This is the second book of McNair’s poetry that I have reviewed. Thematically they are very similar. The poet hangs out in bars, and also drinks outside of them, at times waking up in a field of crops without knowing how he got there.
There is an explicit language warning; while not excessive, there are quite a few f-bombs and the like sprinkled through the poems. A few are understandable, but at times it seems as though McNair thinks his inner Bukowski mandates such things. I do not mean this as a criticism necessarily, but more as an observation.
For me, the book really came to life in the second section. “Death in the Middle”. The book takes a turn into mulling over larger issues than finding the next drink or trying to remember how one got where one woke up.
After McNair’s “big heart boom boom” a tone of introspection enters into the poetry. He speaks often about his wife, and in loving ways, She, incidentally, does not accompany him on his drinking excursions. Fro “My Wife Seve Years Ex Post Facto”, he sees his wife as having moved on after his death, remarried and belonging to a country club:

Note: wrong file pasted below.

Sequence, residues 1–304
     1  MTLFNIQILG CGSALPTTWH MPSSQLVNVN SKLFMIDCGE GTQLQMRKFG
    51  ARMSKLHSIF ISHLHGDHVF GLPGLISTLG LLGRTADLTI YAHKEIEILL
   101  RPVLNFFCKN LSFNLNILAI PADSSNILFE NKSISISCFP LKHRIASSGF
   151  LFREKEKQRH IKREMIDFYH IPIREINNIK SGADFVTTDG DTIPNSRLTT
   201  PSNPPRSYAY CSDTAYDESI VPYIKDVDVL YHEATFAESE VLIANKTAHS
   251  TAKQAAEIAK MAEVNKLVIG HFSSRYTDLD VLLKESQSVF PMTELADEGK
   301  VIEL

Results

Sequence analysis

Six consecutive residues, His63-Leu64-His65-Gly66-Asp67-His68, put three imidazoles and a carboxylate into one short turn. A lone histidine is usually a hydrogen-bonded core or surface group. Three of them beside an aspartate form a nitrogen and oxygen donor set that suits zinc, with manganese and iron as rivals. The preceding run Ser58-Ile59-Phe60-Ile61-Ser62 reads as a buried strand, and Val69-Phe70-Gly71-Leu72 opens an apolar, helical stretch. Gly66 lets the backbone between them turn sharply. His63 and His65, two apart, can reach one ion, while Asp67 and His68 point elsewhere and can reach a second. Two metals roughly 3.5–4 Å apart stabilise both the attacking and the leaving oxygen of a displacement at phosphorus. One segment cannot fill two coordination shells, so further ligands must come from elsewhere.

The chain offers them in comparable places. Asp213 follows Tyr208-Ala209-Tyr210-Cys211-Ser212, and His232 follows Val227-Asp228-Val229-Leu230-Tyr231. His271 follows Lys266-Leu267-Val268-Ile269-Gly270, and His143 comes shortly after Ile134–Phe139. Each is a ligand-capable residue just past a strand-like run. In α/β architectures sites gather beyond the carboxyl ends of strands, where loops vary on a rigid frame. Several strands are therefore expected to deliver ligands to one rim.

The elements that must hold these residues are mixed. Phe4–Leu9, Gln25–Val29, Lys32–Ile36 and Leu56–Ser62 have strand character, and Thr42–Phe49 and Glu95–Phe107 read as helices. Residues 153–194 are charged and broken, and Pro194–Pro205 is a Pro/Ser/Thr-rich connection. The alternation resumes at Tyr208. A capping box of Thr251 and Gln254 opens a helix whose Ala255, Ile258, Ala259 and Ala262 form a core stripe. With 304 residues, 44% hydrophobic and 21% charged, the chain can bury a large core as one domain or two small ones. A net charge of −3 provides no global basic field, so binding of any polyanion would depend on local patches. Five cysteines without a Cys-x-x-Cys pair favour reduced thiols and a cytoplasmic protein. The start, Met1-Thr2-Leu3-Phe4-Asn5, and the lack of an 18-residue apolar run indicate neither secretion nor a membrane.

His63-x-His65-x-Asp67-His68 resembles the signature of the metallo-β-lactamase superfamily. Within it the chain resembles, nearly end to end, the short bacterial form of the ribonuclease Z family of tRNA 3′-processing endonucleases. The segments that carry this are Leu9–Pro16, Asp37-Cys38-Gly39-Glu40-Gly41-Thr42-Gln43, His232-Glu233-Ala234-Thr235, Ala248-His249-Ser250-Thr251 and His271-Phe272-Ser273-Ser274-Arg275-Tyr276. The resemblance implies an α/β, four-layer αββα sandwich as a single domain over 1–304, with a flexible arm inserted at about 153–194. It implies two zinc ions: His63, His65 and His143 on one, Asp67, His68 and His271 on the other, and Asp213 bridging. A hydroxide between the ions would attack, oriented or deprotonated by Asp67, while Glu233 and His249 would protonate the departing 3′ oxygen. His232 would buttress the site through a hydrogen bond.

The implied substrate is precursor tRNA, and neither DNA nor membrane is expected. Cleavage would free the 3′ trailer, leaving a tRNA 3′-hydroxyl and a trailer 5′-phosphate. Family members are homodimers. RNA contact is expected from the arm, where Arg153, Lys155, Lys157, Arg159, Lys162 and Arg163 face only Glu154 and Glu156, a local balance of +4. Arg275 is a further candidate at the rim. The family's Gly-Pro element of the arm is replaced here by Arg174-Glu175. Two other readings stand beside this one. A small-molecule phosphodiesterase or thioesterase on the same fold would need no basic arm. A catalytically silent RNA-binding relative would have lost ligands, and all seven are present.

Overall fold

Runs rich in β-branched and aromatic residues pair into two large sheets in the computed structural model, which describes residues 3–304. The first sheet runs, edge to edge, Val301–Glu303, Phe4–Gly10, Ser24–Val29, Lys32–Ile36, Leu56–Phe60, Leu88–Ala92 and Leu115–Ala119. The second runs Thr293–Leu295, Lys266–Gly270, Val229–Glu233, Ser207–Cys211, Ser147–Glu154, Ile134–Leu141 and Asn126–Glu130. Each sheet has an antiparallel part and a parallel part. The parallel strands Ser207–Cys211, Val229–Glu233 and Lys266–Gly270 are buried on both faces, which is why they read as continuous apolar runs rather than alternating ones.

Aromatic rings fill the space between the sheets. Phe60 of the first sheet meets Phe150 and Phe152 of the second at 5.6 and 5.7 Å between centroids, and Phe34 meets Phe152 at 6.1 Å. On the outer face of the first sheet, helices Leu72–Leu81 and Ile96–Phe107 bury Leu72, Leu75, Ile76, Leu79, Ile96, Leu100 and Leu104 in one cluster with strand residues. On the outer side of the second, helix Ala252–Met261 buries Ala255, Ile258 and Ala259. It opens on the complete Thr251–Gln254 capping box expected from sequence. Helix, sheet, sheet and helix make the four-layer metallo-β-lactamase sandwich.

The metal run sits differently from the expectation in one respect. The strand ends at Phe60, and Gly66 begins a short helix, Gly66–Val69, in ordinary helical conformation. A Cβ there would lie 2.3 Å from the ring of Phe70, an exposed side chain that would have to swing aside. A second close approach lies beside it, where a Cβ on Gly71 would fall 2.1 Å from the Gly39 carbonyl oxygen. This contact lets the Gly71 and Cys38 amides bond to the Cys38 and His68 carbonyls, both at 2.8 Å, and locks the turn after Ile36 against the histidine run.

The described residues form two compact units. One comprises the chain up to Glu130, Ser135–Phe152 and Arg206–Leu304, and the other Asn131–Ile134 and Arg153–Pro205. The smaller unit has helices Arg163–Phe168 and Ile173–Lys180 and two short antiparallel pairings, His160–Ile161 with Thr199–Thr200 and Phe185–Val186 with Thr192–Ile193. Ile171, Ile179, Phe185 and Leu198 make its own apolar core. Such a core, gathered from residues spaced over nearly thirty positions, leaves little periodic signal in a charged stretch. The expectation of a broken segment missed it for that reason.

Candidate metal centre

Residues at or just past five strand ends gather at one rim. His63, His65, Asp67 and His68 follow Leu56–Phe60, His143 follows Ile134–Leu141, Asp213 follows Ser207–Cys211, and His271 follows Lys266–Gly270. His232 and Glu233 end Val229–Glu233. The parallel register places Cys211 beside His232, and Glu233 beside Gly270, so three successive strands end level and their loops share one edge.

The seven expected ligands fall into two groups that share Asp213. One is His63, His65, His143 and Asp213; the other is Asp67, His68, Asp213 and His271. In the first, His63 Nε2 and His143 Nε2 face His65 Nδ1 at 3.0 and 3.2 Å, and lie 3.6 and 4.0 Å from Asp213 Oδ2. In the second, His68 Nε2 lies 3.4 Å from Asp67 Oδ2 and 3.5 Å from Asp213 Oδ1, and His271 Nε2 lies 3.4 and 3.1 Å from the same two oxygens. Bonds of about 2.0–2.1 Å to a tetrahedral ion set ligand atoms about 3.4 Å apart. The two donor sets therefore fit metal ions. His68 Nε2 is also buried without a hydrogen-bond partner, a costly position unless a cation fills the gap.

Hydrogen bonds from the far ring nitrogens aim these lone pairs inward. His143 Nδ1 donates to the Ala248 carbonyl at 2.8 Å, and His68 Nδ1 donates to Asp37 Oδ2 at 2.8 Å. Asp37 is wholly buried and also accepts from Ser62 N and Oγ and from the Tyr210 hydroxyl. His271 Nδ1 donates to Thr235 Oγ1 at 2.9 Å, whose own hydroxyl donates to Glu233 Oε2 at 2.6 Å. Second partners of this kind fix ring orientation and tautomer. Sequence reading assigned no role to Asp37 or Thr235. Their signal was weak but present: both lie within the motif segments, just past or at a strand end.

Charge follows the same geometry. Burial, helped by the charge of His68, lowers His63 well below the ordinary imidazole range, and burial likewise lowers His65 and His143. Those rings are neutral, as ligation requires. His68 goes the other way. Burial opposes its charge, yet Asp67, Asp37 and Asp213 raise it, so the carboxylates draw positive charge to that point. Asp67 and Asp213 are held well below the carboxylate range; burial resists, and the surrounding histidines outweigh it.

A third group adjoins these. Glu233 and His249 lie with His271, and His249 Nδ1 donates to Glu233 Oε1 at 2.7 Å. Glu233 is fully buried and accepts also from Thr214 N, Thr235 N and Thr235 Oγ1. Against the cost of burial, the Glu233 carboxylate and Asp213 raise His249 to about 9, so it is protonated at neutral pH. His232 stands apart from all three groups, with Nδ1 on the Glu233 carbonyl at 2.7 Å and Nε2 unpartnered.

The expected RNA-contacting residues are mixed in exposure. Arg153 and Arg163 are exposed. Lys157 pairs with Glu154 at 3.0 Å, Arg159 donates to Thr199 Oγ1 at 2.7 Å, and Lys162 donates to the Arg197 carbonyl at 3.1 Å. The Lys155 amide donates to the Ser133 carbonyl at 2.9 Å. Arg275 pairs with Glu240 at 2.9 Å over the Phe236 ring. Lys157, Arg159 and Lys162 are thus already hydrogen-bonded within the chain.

And that one word, “steak”
will instantly transport her
back to life with me,
Poet Laureate of the Absurd,
founder of Bits of Steak Press,
her first true love and father
to her only son.
From there he recalls the deaths of his grandfather and of the father of some boyhood friends. And then it is a short step to his own death. Pardon my pun, but it is a sobering thought.
The second of any creative work has an inherent danger. Too often they consist merely of things that could not fit into the first book, album, whatever. As a result they do not break new ground. Make it a Double avoids that trap rather nicely. That’s why I recommend it.
I am a published poet with four books out there of my own, and two in collaboration with artist Carol Worthington-Levy. Additionally I have drafts of a novel and one short story in the process of being sent out.